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Patronage and Funding of Research & Carnegie Institute of Washington

By Antoinette Sutto, Robert D. L. Gardiner Historian,

The CIW collection provides insight into the relationship between the Carnegie Institute and Biological Laboratory and their patrons, especially on the local level. This topic shades into another, related, topic: Long Island history / relations between the lab and the community (see below).

What kind of information about patronage and funding does the CIW collection offer? The personal correspondence of important individuals at the lab reveals the work that was done to establish and maintain connections between the lab and its donors—wealthy men with no particular scientific backing were on the Managing Board of the Biological Laboratory, and a lot of effort was put into maintaining these relationships (CIW Box 39, Folder: Hooper, Franklin 1900-1902). The lab also had to convince donors of the permanence and potential prestige of the institution (CIW Box 24, Folder: Davenport, Charles B. 1902-1905, Hooper to Charles Davenport, October 19, 1905) As Henry De Forest put it in 1923, “I do not care . . . to become connected with any new thing unless I regard it from my standpoint as something worthwhile.” He had no interest in “Biological School(s) of a lower grade” (CIW Box 26: Folder: De Forest, Henry W., 1923, De Forest to Davenport, Dec. 26, 1923). The relationship between the De Forest family and the lab is worth a closer look. The surviving correspondence reveals a tension between, on the one hand, De Forest’s interest in being a patron and the prestige that came with that kind of work, and on the other, his and his friends’ personal financial interest in local property (CIW Box 26, Folder: De Forest, Henry W., 1923, Folder: De Forest, Julia, 1924-1928) As Davenport and other directors negotiated with men like De Forest, they had to articulate their own plans for the lab and the kind of institution it was and would become.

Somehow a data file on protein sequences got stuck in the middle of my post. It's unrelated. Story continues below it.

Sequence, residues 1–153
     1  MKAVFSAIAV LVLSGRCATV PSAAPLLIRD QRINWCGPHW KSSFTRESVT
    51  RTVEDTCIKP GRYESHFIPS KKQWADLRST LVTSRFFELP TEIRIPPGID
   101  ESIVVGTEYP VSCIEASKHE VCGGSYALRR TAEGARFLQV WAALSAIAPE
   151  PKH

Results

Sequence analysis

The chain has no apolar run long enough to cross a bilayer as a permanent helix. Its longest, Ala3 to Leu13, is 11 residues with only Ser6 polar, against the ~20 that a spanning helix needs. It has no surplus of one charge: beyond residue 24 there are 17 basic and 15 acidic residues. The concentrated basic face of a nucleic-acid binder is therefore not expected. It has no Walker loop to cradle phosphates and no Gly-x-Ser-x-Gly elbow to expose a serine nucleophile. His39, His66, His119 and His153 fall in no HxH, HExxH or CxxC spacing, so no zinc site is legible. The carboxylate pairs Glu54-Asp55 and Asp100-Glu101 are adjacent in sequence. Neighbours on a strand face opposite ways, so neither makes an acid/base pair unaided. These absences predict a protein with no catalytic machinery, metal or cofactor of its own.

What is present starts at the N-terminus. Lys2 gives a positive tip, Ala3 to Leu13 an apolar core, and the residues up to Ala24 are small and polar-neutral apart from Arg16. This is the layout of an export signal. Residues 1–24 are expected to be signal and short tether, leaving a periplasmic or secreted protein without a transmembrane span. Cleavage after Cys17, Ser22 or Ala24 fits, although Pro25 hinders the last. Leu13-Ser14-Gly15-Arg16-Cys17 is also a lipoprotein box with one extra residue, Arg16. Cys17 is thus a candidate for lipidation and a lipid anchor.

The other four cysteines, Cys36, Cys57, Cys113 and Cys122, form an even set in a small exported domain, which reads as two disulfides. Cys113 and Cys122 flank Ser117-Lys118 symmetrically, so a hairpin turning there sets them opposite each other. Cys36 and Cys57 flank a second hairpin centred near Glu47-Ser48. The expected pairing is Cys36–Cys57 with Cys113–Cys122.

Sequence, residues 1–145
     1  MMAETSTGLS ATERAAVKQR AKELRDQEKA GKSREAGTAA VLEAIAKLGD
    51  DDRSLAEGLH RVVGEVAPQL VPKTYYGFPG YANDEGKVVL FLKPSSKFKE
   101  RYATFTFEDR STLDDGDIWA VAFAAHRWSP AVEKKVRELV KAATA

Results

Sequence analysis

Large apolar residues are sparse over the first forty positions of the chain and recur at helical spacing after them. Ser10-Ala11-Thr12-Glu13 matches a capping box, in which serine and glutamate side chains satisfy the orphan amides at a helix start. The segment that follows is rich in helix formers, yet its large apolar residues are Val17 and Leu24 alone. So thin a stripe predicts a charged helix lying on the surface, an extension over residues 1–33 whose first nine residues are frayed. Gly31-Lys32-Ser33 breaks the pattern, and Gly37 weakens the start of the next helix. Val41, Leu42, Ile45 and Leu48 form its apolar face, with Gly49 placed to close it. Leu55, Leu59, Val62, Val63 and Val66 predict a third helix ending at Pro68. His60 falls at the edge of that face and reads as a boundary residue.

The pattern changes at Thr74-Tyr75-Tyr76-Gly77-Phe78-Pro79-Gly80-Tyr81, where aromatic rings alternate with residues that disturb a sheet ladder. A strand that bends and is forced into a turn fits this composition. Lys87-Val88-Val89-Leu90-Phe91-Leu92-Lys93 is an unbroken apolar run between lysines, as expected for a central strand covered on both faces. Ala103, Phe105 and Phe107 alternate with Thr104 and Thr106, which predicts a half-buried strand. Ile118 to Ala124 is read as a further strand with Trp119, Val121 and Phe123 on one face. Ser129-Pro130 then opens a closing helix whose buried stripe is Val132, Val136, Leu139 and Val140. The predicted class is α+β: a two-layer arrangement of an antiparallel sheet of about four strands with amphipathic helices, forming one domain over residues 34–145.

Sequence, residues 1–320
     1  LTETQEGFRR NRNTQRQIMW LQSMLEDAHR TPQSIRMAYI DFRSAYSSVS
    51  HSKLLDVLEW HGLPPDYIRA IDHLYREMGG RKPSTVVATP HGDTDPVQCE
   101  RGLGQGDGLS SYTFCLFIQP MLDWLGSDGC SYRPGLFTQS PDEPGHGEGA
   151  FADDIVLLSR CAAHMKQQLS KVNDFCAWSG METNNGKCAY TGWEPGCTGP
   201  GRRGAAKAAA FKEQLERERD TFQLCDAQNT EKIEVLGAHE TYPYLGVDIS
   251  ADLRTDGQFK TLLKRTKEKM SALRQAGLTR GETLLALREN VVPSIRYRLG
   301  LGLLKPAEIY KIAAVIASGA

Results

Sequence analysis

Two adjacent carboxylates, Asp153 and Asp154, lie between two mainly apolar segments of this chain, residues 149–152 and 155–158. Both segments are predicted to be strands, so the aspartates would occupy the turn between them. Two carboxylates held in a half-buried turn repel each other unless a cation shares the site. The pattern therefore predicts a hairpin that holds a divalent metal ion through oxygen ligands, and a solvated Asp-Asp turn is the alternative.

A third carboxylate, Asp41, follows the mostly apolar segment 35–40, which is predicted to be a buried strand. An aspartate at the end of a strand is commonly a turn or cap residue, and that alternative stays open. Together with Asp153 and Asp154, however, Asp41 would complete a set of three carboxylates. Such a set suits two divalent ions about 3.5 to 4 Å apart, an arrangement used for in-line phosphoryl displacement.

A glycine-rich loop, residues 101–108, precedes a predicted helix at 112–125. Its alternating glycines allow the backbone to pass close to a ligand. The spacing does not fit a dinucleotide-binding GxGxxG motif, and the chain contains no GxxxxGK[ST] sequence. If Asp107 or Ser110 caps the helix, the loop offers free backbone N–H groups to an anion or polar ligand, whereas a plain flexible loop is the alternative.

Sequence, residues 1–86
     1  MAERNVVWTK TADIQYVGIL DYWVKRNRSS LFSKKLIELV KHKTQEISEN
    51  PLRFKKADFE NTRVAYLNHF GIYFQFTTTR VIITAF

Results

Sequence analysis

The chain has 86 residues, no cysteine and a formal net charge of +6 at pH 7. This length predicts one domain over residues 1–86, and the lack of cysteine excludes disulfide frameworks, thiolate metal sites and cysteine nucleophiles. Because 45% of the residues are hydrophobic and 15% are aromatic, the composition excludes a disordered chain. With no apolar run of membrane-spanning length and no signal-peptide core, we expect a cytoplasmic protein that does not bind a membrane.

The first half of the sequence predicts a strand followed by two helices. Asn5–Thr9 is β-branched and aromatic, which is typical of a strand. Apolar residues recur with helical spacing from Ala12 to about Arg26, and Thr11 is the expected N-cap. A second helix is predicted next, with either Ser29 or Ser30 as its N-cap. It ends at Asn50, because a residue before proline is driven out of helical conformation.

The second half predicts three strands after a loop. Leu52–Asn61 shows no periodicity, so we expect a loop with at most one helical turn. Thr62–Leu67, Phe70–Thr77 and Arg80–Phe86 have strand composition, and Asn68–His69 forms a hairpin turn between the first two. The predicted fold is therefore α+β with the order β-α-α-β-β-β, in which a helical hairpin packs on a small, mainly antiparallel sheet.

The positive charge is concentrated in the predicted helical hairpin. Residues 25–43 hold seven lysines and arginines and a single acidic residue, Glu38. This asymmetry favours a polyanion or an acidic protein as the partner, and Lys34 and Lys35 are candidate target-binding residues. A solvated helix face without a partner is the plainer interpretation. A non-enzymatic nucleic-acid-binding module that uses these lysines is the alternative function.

There is also the odd document (no more than one or two items) about the New Deal in the 1930s and private vs public funding for science. This appears in a folder with material relating to foundations and other sources of support (CIW Box 32, Folder: Foundations, 1921-1934).

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